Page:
How to Survive a Ryanair Flight
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Flying on low-cost carriers like Ryanair can be an amazing travel hack — why pay more when you can travel for less, right? While savvy travelers can snag some incredible deals, if you aren’t familiar with the carrier’s many rules and regulations, you’ll end up paying a lot more. After more than 45 flights, I consider myself a Ryanair veteran — here’s my handy list of things you need to know so you can have a positive experience as well.
Print or Download Your Boarding Pass Beforehand
Doing this is essential because if you show up at check-in without your boarding pass, Ryanair will charge you 15 euros (~$15) to print it. TPG himself once had to pay $96 several years ago when he didn’t print his out. While the airline did recently launch mobile boarding passes, the option is unfortunately not available when traveling from certain airports, so keep that in mind as well.
Get Your Boarding Pass Stamped
All travelers who don’t hold EU citizenship must get their boarding passes checked and stamped before going through security. You can’t board the flight without this stamp, and many have learned the hard way and have been denied boarding altogether, so make sure to obtain this before going through security. Most European airports offer the stamp at the Ryanair desk where you buy flights and pay for luggage, though some may stamp your boarding pass at the check-in counters. Always ask at your particular airport just to be sure, and allow plenty of time for this additional step — oftentimes you’ll get stuck behind someone purchasing a flight and may have to wait in line longer than you’d like to.
Know the Luggage Rules
Ryanair allows passengers to carry on one cabin bag weighing up to 10 kg with maximum dimensions of 55 cm x 40 cm x 20 cm, plus one small bag up to 35 cm x 20 cm x 20 cm. Don’t push this. You will be forced to pay for and check your bag, and Ryanair doesn’t mess around with luggage. Measure your bag beforehand, as many carry-ons purchased in the US are often too big — sometimes when you buy suitcases in Europe, there’s actually a tag attached saying whether or not it’s Ryanair cabin-appropriate. If you’re certain your carry-on fits, smash it into the sizer if they ask you to try and make it fit. If it goes in and comes out, you won’t have to check it.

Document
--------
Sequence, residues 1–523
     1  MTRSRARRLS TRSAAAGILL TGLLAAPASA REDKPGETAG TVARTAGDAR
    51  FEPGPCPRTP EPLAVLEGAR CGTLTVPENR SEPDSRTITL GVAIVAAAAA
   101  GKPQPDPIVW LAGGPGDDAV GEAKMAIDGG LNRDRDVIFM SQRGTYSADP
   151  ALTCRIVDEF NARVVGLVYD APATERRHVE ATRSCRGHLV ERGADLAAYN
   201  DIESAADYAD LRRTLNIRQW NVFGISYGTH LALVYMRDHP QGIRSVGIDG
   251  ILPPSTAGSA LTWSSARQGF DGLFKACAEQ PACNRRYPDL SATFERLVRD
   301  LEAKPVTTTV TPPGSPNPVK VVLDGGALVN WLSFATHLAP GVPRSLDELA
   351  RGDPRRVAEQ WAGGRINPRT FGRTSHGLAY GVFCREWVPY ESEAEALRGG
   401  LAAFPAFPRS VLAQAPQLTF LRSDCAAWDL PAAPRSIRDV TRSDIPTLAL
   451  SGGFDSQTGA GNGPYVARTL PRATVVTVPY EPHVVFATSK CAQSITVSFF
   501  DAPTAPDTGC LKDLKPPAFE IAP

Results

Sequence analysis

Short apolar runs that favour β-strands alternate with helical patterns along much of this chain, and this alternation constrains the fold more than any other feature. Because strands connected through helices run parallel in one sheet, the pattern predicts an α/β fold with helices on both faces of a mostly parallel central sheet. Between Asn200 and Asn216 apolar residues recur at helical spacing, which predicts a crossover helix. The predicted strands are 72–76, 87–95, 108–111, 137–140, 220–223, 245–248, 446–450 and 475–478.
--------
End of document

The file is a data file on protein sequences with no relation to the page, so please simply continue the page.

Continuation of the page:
Pay for Checked Bags Ahead of Time
Book and pay for your checked luggage while purchasing your ticket or before you travel, since if you end up having to pay at the airport, it will cost you more. You can check up to two bags once you’ve purchased a checked-baggage allowance of either 15 kg or 20 kg during your initial booking. To make matters even more unpredictable, Ryanair often charges different prices for different weights on different routes, with fees varying seasonally. Save some time, money and sanity by electing your desired weight, paying when you buy your ticket online and weighing your bag before you go, since, of course, you’ll have to pay a bit more if it’s overweight as well.